• Circulatory system:  The human body’s design is one of the best in nature for long-distance hunting with the legs and picking berries with the arms/hands.  Surprisingly, arm muscles are 38 percent less efficient as compared to the legs given the same muscle mass.  Some of the best ultra-marathoners have put in over 300 miles without stopping.  It would be completely impossible to have the arms carry one for such a distance without mechanical assistance.  The aerobic use of the arms are hindered when compared to the legs.

For my design work (about five months) I used a free 3D program from Google called SketchUp. (http://sketchup.google.com/) The learning curve was a bit steeper than I expected.  Additionally, SketchUp is not a true solids modeling program.  But it is free! So I used it.  Ultimately the design process lead me to a two-wheeled handcycle design.  (I have yet to find a commercial handcyle with two wheels.) My design goals are to:
  • Increase aerodynamic efficiency: A bicycle front wheel consumes about 7%-10% of the total energy.  The problem with a 3-wheel handcycle is that all three wheels are essentially front wheels since none are protected as normal bicycle rear wheel is. One is out in front and the other two are out to the sides.  And since the speed is lower on handcycling, the wheels may very well consume 30% of the power.  With two wheels (and other aerodynamic efficiencies), I may decrease my aerodynamic drag  and rolling resistance by enough to attain 11-13% higher speed.  As an example, on  a regular bike, the seat tube alone can decrease a rear wheel drag by 25%.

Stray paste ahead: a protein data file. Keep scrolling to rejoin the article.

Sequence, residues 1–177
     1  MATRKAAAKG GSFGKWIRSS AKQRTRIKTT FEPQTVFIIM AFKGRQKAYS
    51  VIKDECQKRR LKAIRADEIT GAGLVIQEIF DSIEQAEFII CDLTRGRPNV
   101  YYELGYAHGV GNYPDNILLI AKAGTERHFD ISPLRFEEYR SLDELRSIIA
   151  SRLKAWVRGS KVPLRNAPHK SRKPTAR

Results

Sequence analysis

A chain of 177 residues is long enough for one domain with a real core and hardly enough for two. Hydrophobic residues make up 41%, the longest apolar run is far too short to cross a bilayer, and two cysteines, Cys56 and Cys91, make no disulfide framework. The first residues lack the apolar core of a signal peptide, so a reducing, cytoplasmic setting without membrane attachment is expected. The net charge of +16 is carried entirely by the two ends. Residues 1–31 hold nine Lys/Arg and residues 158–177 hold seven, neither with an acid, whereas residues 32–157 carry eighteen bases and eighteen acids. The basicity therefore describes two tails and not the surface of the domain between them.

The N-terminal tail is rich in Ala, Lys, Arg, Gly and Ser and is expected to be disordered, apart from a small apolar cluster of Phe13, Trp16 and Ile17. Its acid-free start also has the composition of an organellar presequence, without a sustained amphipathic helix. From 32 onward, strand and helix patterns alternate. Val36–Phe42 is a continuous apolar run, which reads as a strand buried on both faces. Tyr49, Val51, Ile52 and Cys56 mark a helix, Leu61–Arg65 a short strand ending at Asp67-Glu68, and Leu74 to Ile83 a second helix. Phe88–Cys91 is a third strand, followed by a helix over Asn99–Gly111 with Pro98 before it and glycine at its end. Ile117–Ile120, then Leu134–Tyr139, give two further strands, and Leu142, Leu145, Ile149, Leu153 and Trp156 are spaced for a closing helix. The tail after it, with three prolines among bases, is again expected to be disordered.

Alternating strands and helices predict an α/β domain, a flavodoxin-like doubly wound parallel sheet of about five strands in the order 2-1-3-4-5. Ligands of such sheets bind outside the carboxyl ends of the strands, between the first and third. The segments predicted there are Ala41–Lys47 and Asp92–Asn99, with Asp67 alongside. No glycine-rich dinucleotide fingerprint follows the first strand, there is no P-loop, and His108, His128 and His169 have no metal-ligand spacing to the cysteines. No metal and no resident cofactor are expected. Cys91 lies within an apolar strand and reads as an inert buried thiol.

• Turning:  Two wheels will allow me to lean during a turn and thus I can maintain more speed.  But a handcycle’s three wheels allow for stability on stops and low speed.  By moving to a two-wheel design, I would lose stability – especially on stops since  I cannot just put my leg down to the ground.  In order to regain stability, I have added two inline skate wheels as out-riggers.  The wheel would contact the surface when the bike leans further than 12 degrees.  For stops, I should be fine (hopefully!).
  • Add disc brakes!  I was coming down a very curvy mountain road in New York.  Since I cannot lean into a turn, I was afraid that the considerable “G” forces would tip me over.  The speedometer read 46 mph.  At that point, I could smell my brake pads burning.  My only choice was to put my shoulders/arms into the rear wheels to help generate some more friction and slow the bike until I hit a straightaway… or the bottom.

 (Here a picture from that race and that hill -- -- Grand Mondo of New York)…